• The use of custom (docker) images allow Airflow users to be sure that everything is working as expected (environment for tasks, dependencies and configurations).

To make Airflow more secure :

  • Security of sensitive data (like credentials, client details etc) is the main concern of the development team. The need of isolating passwords, API keys and other important credentials arises for the security purposes.
  • With the use of Kubernetes Operator, responsible team can make use of Kubernetes Vault technology to store any sensitive data.
  • After using kubernetes vault only the required person(s) will have access to the sensitive data (unlike previously where usually all workers used to have access).

Architecture:

  • Kubernetes Operator makes use of Python Client (for Kubernetes) and create a request which will then be processed by APIServer (1).
  • After this the desired pod will be launched according to the defined specifications (2).
  • Necessary image(s) can be loaded according to the defined parameters with the use of only single command. After the job launch, operator will only monitor the track logs health. However, users can choose to do logs gathering locally to the scheduler or use any log distribution service present currently in the kubernetes cluster.

Example of Airflow using a Kubernetes Operator:

  • The following DAG will create two Kubernetes pods:
    • A Linux distro with Python
    • an Ubuntu distro without Python
  • The pod having Python will do a successful Python Request while the pod without Python will report back a failure to Airflow user.
  • If everything is working as expected the “pass-task” pod will complete and the “fail-task” pod should throw an error to the Airflow web-server.

Demo-Code:

from airflow import DAG
from datetime import timedelta
from airflow.contrib.operators.kubernetes_pod_operator import KubernetesPodOperator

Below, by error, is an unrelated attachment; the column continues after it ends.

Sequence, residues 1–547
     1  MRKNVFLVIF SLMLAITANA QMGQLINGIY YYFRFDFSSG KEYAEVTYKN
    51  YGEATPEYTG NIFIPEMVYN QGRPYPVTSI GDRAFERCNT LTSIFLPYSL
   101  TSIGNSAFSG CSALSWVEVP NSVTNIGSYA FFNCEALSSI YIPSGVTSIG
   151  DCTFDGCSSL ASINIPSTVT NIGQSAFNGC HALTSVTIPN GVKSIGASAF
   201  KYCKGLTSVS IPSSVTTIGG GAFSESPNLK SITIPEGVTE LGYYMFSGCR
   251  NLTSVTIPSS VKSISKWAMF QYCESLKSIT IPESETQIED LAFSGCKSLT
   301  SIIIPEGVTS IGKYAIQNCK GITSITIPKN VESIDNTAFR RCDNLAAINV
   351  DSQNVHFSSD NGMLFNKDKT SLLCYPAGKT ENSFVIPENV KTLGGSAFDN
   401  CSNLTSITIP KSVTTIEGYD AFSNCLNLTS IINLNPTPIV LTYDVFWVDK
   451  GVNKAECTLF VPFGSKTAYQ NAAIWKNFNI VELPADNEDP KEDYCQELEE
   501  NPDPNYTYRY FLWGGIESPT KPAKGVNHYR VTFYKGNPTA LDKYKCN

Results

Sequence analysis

from airflow.operators.dummy_operator import DummyOperator
dag = DAG(
    'kubernetes_sample', default_args=default_args, schedule_interval=timedelta(minutes=10))
start = DummyOperator(task_id='run_this_first', dag=dag)
pass = KubernetesPodOperator(namespace='default',
                          image="Python:3.6",
                          cmds=["Python","-c"],
                          arguments=["print('hello world')"],
                          labels={"foo": "bar"},
                          name="passing-test",
                          task_id="passing-task",
                          get_logs=True,
                          dag=dag
                          )
fail = KubernetesPodOperator(namespace='default',
                          image="ubuntu:1604",
                          cmds=["Python","-c"],
                          arguments=["print('hello world')"],
                          labels={"foo": "bar"},
                          name="fail",
                          task_id="failing-task",
                          get_logs=True,
                          dag=dag
                          )
pass.set_upstream(start)
fail.set_upstream(start)

Conclusion:

  • Apache Airflow with Kubernetes makes the job of Dev-Ops engineers and developers easier by providing an easier way to maintain pipelines while adding security to the application.
  • Apache Airflow with Kubernetes provides an easier way to manage all the dependencies and configurations
  • Curious to learn more about these awesome tools? please visit Airflow official documentation and Official documentation of kubernetes